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HMRC Brings Tax Credit Checks Back In-House After Concentrix Fiasco

Concentrix, the outsourcing company that handled tax credit fraud investigations, was hit by allegations of delays and mistakenly stopping payments.

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HM Revenue and Customs will bring its team responsible for checking tax credit claims for fraud and error back in-house, the agency announced to staff on Thursday.

The work had previously been handled by the outsourcing company Concentrix. Last month BuzzFeed News and BBC's Victoria Derbyshire show reported on allegations by tax credit recipients that their payments had been wrongly stopped, staff had been rude and unhelpful, and delays on handling cases had run for weeks, leaving families struggling to pay for essentials.

Hours after the reports were published, and with the company facing growing criticism from MPs, HMRC announced it was handing over no new cases to Concentrix and will not renew the firm's contract.

The new contract had been expected by staff and unions to be put out to tender to a different company, but instead HMRC staff were told this afternoon that Concentrix staff in Belfast would be moved to HMRC, which would carry out this work itself.

"As you know, on 13 September we announced that we would not extend our contract with Concentrix on checking tax credits claims," said an internal briefing seen by BuzzFeed News.

"As the work previously carried out by Concentrix is moving back to HMRC, this means that, under employment regulations ... the Concentrix staff carrying out that work in Belfast will automatically transfer to HMRC, too. Concentrix management have started formal discussions with their staff today."

The move means Concentrix staff moved back to HMRC will no longer risk losing their jobs at the end of the contract, but instead have "permanent employment", a spokesman for HMRC said.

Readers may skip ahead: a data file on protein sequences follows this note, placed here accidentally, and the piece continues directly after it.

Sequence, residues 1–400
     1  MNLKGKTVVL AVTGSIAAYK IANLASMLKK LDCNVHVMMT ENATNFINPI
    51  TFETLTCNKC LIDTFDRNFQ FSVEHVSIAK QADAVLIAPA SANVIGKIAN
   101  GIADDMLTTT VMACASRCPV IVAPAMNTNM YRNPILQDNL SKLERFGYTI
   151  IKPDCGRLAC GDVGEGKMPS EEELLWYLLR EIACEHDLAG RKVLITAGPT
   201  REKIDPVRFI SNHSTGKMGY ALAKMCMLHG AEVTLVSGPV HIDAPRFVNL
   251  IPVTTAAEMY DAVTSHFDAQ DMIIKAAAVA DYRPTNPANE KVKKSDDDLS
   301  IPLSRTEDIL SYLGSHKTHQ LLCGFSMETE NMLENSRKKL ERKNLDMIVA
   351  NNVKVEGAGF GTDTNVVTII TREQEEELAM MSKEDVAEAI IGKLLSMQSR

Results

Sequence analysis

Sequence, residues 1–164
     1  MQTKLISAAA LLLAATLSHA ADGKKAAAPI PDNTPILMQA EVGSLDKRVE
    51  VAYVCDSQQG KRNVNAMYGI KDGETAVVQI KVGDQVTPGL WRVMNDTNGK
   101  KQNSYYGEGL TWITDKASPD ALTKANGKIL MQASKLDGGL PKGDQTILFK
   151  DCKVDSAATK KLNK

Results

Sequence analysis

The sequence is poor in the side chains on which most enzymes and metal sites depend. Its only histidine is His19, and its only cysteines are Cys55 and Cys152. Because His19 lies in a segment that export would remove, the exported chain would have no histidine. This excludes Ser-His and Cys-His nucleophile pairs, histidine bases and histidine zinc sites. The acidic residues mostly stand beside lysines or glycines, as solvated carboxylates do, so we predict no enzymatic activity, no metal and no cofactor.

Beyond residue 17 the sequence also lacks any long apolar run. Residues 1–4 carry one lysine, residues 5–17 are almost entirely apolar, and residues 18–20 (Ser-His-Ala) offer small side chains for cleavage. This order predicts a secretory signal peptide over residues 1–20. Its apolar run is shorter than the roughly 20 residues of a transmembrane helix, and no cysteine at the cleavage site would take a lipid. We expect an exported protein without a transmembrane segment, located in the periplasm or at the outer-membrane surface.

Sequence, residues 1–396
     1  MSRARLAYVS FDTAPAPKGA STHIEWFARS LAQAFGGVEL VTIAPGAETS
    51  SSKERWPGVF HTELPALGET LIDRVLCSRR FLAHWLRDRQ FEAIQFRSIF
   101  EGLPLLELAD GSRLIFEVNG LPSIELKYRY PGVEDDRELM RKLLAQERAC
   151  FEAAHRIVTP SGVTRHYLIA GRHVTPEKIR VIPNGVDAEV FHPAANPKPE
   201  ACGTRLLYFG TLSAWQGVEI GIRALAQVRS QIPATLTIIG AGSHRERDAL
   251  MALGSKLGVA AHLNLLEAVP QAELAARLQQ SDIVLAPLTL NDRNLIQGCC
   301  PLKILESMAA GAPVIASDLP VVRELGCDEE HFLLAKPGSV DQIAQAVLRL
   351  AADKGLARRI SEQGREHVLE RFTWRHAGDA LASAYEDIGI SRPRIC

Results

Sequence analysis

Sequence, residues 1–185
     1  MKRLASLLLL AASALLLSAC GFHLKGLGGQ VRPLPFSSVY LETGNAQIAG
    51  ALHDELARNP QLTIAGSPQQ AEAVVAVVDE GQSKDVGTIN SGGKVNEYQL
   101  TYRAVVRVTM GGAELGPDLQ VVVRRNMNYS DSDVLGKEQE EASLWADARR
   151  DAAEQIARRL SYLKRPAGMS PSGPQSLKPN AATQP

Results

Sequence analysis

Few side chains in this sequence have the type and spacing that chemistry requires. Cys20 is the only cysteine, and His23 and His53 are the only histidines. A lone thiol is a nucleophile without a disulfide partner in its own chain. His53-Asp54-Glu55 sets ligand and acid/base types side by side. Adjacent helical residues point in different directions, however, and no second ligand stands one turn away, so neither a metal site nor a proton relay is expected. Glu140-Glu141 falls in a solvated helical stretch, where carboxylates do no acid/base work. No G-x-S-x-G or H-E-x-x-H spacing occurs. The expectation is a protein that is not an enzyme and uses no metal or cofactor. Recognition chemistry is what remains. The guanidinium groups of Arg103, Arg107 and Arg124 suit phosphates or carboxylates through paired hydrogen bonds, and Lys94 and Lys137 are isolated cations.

"Those people moving to HMRC will be supported through further training, building on the improvements already delivered to the service we provide to our tax credits customers," he said.

“This will provide permanent employment to Concentrix staff to help deliver our priorities, offering job security to them well beyond the scheduled expiry of the contract in May 2017.”

Families who had dealt with Concentrix when it was operating the contract told BuzzFeed News the firm had let them down and left them struggling for basic needs.

“There’s no understanding, no empathy," Tricia Williamson, 49, said in September. "It feels like they’ve been given a quota and they just don’t care."

Williamson had her tax credits stopped for six weeks after Concentrix mistakenly identified her daughter as her partner and concluded she was in an undisclosed relationship.

"My eldest daughter has had to buy my youngest her school uniform for this year," she said. "I’m nearly 50, I shouldn’t be living off my kids."

The Public and Commercial Services Union, which represents HMRC staff, welcomed the agency's decision to move the jobs back in-house, saying it would benefit both staff and families on tax credits.

"We're delighted HMRC has agreed with us this work is best carried out in-house and, crucially, has accepted our argument to protect the jobs of Concentrix staff by transferring them in to the department," said general secretary Mark Serwotka. "We will be pushing for these workers to be employed on the same terms as their HMRC colleagues.

“Sadly, this could all have been avoided and the fiasco is further evidence it is a false economy to hive off important public services."

Louise Haigh, the Labour MP for Sheffield Heeley, who led the parliamentary campaign for action against Concentrix, welcomed the decision.

She told BuzzFeed News: “It is fantastic to hear that the government have today announced they are to bring tax credit services back in-house after we in Labour exposed the utter shame of the Concentrix contract which piled misery onto tens of thousands of low-income families.

She went on: “This will not only be a great relief to the thousands of families and single parents who feel victim to this US multinational; but to the workers too who were often on low-pay and under enormous pressure.”

“This is an extremely significant development: it could potentially mark the beginning of the end of private sector involvement in our welfare state. Now, even the Tories are coming to realise that chasing profit on the backs of the very vulnerable is unworkable and despicable.”

James Ball is a special correspondent for BuzzFeed News and is based in London. PGP: here

Contact James Ball at James.Ball@buzzfeed.com.

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